What Is Coastal Design?

Fact: You don't have to live by the beach to make this work.


By Sienna Fantozzi, House Beautiful

If coastal design to you is synonymous with anchors, blue and white 'errthang, and seashells upon seashells—we totally get where you're coming from. And you would think, based on the name, that's exactly what it entails, but that's actually more typical of nautical decor. Mind = blown. Coastal is another thing entirely, and while the two have some elements in common, coastal is decidedly less in-your-face and kitschy. So where do you draw the line? Here's exactly what's up.


Let's Set The Record Straight—Coastal Is Not The Same Thing As Nautical.

Nor is it the same thing as Mediterranean, or tropical. In the simplest definition, coastal is beachy. Through use of natural light, soft tones, and a clean aesthetic, it's meant to evoke the breeziness of the beach. Basically, it feels like summer year-round inside your house. "A coastal space takes its cues from the natural environment for everything from color palette through to materials used," says Will Taylor, author of Dream Decor, and the blogger behind Bright Bazaar. "The core features are usually jute textures, earth tones, layered blues, crisp whites, stripes, and loose linen upholstery."



Let There Be Tons And Tons Of Light.

If you have one thing inside a coastal home, it needs to be abundant light. Interiors should never feel dim or cramped, but rather, light, open, and airy. You want to feel as though there's no boundary between indoors and outdoors, so large windows, glass doors, and skylights are key. Window treatments are also minimal (so as not to detract from the natural light, obvs).



Coastal Design Keeps It Natural.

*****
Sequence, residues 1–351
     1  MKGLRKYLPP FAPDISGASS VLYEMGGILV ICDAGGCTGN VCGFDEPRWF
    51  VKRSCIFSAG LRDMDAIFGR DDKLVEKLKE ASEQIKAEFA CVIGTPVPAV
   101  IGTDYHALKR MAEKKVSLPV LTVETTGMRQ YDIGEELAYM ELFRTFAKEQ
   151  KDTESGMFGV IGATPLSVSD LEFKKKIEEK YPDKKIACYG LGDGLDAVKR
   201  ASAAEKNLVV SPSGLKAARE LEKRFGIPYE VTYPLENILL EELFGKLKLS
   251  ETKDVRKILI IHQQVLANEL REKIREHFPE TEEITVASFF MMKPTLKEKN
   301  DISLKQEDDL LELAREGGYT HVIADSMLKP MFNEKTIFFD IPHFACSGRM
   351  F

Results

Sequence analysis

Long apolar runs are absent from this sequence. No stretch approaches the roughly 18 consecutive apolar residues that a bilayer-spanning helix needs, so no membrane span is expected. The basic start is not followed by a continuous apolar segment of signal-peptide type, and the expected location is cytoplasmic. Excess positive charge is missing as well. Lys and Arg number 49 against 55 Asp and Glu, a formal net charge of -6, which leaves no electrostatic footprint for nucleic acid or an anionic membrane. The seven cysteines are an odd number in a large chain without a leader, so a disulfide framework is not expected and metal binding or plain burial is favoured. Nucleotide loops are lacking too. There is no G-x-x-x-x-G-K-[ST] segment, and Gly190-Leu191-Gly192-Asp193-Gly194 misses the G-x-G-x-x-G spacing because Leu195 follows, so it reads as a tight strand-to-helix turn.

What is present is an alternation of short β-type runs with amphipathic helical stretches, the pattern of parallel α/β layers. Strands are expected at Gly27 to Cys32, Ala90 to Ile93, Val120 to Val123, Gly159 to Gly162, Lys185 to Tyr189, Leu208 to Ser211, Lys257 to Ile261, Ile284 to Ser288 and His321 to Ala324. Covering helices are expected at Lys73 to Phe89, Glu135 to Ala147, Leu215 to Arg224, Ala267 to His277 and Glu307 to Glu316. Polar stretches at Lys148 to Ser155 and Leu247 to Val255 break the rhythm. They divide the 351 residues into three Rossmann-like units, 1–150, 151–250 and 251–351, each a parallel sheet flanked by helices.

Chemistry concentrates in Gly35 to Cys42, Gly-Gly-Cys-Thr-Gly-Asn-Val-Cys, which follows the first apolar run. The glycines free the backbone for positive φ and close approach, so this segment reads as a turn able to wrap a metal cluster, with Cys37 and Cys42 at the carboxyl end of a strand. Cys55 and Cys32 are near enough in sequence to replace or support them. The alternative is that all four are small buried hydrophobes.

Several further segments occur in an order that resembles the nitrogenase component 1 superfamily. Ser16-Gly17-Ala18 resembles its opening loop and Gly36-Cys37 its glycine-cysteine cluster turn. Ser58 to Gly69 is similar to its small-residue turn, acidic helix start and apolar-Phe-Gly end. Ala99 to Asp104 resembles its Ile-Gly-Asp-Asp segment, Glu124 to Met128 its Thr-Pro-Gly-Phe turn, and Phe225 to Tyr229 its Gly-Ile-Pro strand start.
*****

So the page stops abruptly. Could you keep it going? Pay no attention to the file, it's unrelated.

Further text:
In order to create a relaxed, easy vibe, coastal design usually incorporates many natural elements. This comes in through the furniture, often made out of wicker, rattan, or light, weathered woods, and fabrics. Rugs are generally straw, seagrass, or jute, and fabrics are simple and devoid of shine. You won't find many metallics or flashy textures, but rather, natural materials or light, billowy fabrics, like sheer curtain panels. Though wood is common, it will usually be white-washed, or a blond maple or ash.



White Is Key.

While you might be inclined to picture a bold blue and white palette when you think of coastal, a crisp, white interior is actually more accurate. It's almost like minimalist design in the sense that less is more, and it favors neutral. Again, it's all about natural light, so a white room is going to make the space feel even airier.

But that doesn't mean you can't accent with color. Though you'll still want to keep it soft (remember, there is nothing bold about this design), accent colors typically include neutrals, such as a warmer beige or khaki, light blues, greys, and greens. The palette "can be adjusted according to taste: true blues and crisp whites for a Med-like vibe; warm whites and pale blue-green shades for a country coastal mix; bright coral paired with sky blue for an exotic coastal style," Taylor says.



Go Slip-Covered, Or Go Home.

Coastal furniture is meant to feel casual, comfortable, and easy. Natural furniture made from rattan and wicker are common, but too much of a good thing can feel very matchy-matchy, and sometimes a little too busy. To add dimension and keep with the open and airy feel, slip-covered furniture (in light cottons and linen) is a go-to.



Coastal Design Encourages Open Space.

It's no surprise that a design aesthetic that prioritizes light would favor an open floor plan. You don't want to clutter anything with furniture or decor, but rather, create the feeling that everything just flows. If you aren't able to open up your floor plan, you can still create as much open space as possible by paring down and opting for a more minimalist vibe.



Yes, You Can Add In Your Shells—But With Restraint.

If you're decorating for the coast, it's not like you're about to decorate with antlers or modern, geometric accents, so it's totally OK to add in a few seaside touches, like shells, glass bottles, or woven baskets, but the key is not to go overboard. You want it to feel easy and natural, not kitschy and overdone, and clutter is a serious no-no. Keep it simple and you can't go wrong. "The key is to stay away from anything too cliched," Taylor says. "Avoid anchor prints, “beach this way” signs, etc. Instead, take your lead from the elements of the coast: a collection of blue glass vases and bottles upon a fireplace hearth, or a classic blue and white stripe wallpaper to add striking visual interest to a stairway or hallway."
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